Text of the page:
Yonas Biru, PhD
Prime Minister Abiy is building a $15 Billion Palace, while negotiating a $67 Billion international aid package. This article is as much about Ethiopia as the epitome of a welfare dependent nation as it is about a failed international welfare system.
The international welfare system is bankrolled primarily by the US and the European Union (EU) taxpayers. Its beneficiaries can be divided into two broad groups: where international aid is seen as an enabling support (mostly in Asia and South America) and where it is regarded as a welfare system (primarily in Africa).
Ethiopia had its first World Bank project in 1950. Nearly three-quarter of a century later, it is the number one US aid recipient. It is also amongst the top five Official Development Assistance recipients through multilateral development agencies such as the International Monetary Fund (IMF) and World Bank (WB).
Unfortunately, the nation has become the punctuation mark of William Easterly’s acclaimed book “The White Man’s Burden.” It is also an affirmation of the book’s subtitle: “Why the West’s Efforts to Aid the Rest Have Done So Much Ill and So Little Good.”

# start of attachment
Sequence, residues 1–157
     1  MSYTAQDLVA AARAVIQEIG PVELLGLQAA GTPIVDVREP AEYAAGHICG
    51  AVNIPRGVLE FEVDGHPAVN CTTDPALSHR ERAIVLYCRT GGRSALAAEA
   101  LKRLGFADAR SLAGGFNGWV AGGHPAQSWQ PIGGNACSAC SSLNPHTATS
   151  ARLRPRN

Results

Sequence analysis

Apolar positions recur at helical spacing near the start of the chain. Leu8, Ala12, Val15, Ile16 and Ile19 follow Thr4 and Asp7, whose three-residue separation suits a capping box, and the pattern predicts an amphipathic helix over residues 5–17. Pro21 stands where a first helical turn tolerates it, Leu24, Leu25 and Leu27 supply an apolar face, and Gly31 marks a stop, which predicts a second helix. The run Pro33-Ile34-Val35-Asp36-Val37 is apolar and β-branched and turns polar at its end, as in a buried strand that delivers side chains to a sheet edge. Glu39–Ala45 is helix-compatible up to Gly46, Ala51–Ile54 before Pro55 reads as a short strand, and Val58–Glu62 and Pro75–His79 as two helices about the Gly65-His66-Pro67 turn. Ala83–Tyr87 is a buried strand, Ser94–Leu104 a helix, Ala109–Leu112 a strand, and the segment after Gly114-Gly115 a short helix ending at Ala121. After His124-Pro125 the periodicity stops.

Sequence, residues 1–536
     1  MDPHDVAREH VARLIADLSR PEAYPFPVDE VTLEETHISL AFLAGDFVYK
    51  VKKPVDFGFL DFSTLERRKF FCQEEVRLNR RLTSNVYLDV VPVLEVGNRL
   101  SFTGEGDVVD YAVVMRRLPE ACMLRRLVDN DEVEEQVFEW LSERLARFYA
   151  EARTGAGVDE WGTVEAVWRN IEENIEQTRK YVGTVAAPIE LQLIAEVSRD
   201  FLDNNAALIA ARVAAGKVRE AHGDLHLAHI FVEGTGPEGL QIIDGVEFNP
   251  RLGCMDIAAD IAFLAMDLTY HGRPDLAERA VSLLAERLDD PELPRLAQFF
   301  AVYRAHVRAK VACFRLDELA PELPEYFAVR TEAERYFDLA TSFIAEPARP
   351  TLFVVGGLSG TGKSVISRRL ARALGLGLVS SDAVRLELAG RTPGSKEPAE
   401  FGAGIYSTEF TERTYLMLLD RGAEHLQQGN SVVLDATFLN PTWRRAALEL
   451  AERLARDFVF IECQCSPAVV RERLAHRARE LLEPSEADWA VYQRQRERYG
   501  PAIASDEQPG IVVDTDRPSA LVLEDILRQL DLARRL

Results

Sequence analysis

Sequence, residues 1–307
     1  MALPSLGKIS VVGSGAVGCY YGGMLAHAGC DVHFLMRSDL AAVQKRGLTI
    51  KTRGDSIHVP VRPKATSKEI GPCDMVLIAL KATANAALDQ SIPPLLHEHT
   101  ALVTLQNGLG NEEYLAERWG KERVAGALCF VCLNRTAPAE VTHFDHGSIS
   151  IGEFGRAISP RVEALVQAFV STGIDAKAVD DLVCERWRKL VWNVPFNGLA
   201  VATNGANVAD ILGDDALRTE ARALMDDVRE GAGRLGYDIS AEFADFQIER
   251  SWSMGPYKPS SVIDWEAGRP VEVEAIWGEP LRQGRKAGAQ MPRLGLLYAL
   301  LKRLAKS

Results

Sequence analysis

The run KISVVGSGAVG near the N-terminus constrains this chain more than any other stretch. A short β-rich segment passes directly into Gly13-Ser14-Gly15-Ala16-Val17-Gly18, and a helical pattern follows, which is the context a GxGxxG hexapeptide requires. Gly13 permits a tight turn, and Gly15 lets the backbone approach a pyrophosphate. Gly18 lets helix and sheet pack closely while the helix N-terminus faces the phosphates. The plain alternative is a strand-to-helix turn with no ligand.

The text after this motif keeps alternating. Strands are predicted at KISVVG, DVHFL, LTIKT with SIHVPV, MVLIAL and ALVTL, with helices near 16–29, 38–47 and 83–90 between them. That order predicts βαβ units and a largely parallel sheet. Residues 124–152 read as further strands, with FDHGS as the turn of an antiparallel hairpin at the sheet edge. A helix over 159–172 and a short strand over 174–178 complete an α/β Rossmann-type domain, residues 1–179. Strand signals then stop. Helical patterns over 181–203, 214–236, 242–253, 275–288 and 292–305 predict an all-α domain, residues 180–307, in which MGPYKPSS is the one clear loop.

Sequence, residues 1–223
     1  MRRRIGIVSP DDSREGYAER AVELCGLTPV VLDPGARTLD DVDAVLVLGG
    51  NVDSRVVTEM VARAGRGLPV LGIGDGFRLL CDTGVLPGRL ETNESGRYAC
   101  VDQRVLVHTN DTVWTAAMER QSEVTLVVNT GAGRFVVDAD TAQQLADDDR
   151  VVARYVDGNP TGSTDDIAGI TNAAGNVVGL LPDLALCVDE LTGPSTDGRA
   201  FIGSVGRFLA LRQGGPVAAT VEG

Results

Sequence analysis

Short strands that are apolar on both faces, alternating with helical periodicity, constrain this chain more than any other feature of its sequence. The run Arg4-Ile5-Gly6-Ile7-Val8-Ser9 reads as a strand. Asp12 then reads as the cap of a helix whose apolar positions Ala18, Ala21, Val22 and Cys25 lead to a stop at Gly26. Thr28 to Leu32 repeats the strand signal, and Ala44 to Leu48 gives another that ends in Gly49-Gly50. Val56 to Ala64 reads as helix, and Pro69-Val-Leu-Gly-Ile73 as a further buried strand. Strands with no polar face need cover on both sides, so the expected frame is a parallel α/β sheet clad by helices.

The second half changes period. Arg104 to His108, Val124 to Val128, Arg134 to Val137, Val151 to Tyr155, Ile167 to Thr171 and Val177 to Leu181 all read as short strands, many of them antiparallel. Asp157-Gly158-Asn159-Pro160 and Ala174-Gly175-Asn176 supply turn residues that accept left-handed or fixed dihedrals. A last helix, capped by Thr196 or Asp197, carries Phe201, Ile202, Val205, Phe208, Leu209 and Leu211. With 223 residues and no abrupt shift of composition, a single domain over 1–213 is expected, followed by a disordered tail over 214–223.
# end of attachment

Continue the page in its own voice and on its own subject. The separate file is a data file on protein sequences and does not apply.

The Ethiopian government and its intellectuals at home and abroad are a screwed-up bunch. On one hand they hold a #NoMore banner. On the other hand, they panhandle for ምጽዋት with a sense of entitlement, while crapping the crap about being the pride, እሴት ቱርፋት and ገለመሌ of the black race. Truth be told, we have been the shame of Africa for many twilights. Our inability, as a society, to feel ashamed and humiliated has made it difficult for us to realize we have been in decline past what other nations consider rock bottom.
Currently, Ethiopia is in various talks with the International Monetary Fund (IMF), World Bank (WB), European Union (EU) and Paris Club of sovereign creditors of which the US is a part. The talks involve a $67.2 billion aid package. This includes $28.8 billion in grants for the reconstruction of the war-torn country. Another big item is the restructuring of $30 billion international debt obligations to reduce the nation’s financial burdens, including partial debt forgiveness. A humanitarian food aid ($3.5 billion), and concessional loans from the WB ($2.9 billion) and IMF ($2 billion) round out the talks.